“Rough winds do shake the darling buds of May.” — William Shakespeare

In the midst of the current pandemic, conscious cooks are challenged to feed the bodies and souls of their families and themselves. We are watching as our annual celebrations are canceled or postponed. It can be difficult to keep up our spirits during these tremulous times. As the rough winds of uncertainty rattle our world, the comfort that can be provided by a nutritious meal is more meaningful than ever.

Local farmers and their produce will be greatly appreciated this year, perhaps more so than ever. Seasonal crops remind us that nature continues to persevere, and so will we. As seasonal crops begin to mature, we can look forward to fresh peas, asparagus, lettuces, herbs and rhubarb.

Rhubarb is a magnificent spring crop. The puckery, sour sweetness of rhubarb is absolutely divine in cakes, breads, pies, cobblers and jams, as well as sweet and savory compotes, chutneys and sauces. Savory rhubarb chutney, cooked with onions and hot pepper is a scintillating accompaniment to grilled pork, chicken or shrimp. Sweeter versions employing brown sugar and lemon peel are superb served with pancakes, French toast, waffles or pound cake. Ladled atop frozen yogurt or ice cream, sweet rhubarb sauce is perfect for a spring sundae when the sun burns bright. This same sauce can be strained to yield a perfectly pink syrup. Combine with cold sparkling water or seltzer for a refreshing mocktail, or add to prosecco for a beautiful brunch beverage.

Rich in fiber, protein, vitamin C, potassium and calcium, rhubarb provides many valuable nutrients. A natural laxative, rhubarb may help ease constipation. In fact, it is written that rhubarb was utilized in ancient Chinese medicine for treating stomach ailments. The vitamin K found in rhubarb may help strengthen bones, as well as possibly inhibiting inflammation in the brain. Rhubarb also supplies the body with vitamin A, which may help diminish signs of aging, particularly skin damage.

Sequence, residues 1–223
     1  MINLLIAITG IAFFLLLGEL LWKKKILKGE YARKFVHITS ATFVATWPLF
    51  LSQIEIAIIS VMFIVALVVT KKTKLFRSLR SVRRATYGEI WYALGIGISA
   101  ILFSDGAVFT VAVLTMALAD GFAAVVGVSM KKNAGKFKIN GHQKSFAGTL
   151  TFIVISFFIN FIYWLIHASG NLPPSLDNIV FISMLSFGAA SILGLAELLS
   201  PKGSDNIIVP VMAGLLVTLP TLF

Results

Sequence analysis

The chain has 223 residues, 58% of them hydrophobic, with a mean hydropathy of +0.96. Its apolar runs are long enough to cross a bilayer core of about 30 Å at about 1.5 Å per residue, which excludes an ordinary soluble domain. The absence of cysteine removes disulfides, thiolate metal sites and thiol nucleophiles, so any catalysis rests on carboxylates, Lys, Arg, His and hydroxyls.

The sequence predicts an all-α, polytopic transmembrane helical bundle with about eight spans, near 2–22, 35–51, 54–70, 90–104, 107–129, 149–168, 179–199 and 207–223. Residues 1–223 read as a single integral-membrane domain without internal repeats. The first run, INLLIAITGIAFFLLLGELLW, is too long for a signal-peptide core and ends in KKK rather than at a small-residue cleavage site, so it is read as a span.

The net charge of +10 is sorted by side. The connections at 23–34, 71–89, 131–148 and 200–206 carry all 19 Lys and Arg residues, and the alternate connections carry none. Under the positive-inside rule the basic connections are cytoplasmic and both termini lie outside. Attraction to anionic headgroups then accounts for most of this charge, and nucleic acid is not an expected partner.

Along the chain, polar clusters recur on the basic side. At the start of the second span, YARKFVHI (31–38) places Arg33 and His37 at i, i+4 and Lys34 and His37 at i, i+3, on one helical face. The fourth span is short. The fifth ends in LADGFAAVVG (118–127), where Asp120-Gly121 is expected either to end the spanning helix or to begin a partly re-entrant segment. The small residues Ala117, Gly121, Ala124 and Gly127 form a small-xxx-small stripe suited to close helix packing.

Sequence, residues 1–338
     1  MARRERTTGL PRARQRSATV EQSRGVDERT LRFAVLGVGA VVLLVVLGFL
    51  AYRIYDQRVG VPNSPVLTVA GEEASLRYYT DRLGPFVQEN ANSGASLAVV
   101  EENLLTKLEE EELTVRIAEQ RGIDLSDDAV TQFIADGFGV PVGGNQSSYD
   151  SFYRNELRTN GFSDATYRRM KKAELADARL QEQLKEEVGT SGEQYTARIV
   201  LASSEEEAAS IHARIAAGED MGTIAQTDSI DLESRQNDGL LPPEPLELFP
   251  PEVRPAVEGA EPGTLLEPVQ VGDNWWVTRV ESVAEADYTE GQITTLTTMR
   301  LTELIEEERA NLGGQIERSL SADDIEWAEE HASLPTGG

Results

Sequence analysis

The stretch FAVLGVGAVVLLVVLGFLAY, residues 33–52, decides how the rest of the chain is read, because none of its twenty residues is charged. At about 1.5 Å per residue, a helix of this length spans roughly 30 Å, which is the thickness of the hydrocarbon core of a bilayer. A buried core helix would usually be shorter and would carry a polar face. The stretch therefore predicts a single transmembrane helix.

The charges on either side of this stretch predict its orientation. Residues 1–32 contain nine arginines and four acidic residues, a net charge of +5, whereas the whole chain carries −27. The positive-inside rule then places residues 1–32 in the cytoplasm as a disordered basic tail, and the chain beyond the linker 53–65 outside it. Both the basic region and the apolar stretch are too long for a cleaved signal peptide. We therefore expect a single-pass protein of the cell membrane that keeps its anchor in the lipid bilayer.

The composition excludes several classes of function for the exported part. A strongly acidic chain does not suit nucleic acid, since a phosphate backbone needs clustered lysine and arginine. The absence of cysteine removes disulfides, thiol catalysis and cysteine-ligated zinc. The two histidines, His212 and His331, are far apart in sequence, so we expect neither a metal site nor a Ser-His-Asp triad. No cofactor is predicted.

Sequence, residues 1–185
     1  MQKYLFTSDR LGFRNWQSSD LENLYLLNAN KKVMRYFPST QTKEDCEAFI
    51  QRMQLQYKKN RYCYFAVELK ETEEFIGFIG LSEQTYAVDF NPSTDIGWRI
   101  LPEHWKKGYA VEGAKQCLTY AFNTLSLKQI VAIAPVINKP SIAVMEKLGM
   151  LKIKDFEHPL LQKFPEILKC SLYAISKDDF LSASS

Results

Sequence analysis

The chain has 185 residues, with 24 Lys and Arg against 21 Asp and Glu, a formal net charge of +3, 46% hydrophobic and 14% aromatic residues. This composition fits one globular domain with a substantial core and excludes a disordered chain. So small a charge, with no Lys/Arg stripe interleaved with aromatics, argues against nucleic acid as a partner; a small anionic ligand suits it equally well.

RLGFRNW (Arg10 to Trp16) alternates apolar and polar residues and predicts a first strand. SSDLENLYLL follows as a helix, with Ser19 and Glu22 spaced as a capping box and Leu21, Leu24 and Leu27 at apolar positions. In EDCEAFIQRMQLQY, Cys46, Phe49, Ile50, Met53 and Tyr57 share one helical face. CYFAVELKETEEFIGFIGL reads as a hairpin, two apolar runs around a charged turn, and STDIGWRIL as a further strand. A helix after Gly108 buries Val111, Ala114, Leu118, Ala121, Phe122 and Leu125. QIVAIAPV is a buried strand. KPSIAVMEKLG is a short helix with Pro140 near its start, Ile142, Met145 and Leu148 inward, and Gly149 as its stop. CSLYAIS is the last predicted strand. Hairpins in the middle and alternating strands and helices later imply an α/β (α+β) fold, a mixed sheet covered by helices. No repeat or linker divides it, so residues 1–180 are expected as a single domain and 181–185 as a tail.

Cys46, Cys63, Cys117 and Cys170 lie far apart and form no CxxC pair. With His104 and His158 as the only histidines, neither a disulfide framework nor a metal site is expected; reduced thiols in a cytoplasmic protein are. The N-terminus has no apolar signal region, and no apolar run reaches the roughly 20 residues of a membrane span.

When choosing rhubarb at the supermarket or farm markets, look for glossy, firm stalks. Trim the leaves off when you bring your rhubarb home, as they are toxic. Store the stalks wrapped in a paper towel in your vegetable drawer. Wash before using. Rhubarb freezes beautifully, place chopped stalks on a parchment paper lined baking sheet and place in the freezer. When the chunks are frozen, store them in freezer bags and use within one year.

Stay safe and continue preparing a delicious life during these perplexing days!

Challenge Chutney

Makes about 3 cups

1/2 cup white sugar

1/3 cup cider vinegar

1 tablespoon minced garlic

3/4 teaspoon ground ginger or 1 tablespoon grated fresh ginger

1/2 teaspoon ground cumin

1/2 teaspoon ground cinnamon

1/4 teaspoon ground cloves

1/4 teaspoon crushed red pepper flakes or cayenne pepper

4 cups rhubarb (washed and chopped)

1/2 cup chopped sweet onion

1/3 cup raisins (golden can be used)

In a large saucepan combine the sugar, vinegar, garlic, cumin, cinnamon, pepper flakes or cayenne pepper and cloves. Reduce heat, simmer, stirring constantly until sugar is dissolved.

Add in the rhubarb, onion and raisins. Cook and stir over medium heat until the rhubarb is tender and the mixture has thickened slightly. Let cool. Serve with grilled chicken pork, or fish. Or spread toast with cream cheese and top with chutney for an hors d’oeuvre.

Merry May Rhubarb Compote

Makes 1- 11/2 cups

2, 3 pounds fresh rhubarb, washed and chopped

3/4 cup water

3/4 cup white or brown sugar

2 tablespoons grated lemon or orange rind

1 teaspoon vanilla extract

Combine all ingredients in a large saucepan. Heat to medium-high and stir often until rhubarb completely breaks down. Remove from heat, stir in vanilla extract and cool.

Robin Glowa, HHC, AADP, “The Conscious Cook” writes about preparing a delicious life and presents healthy food workshops throughout New England. She is a professional cook, organic gardener and a graduate of The Institute for Integrative Nutrition and Columbia University Teachers College.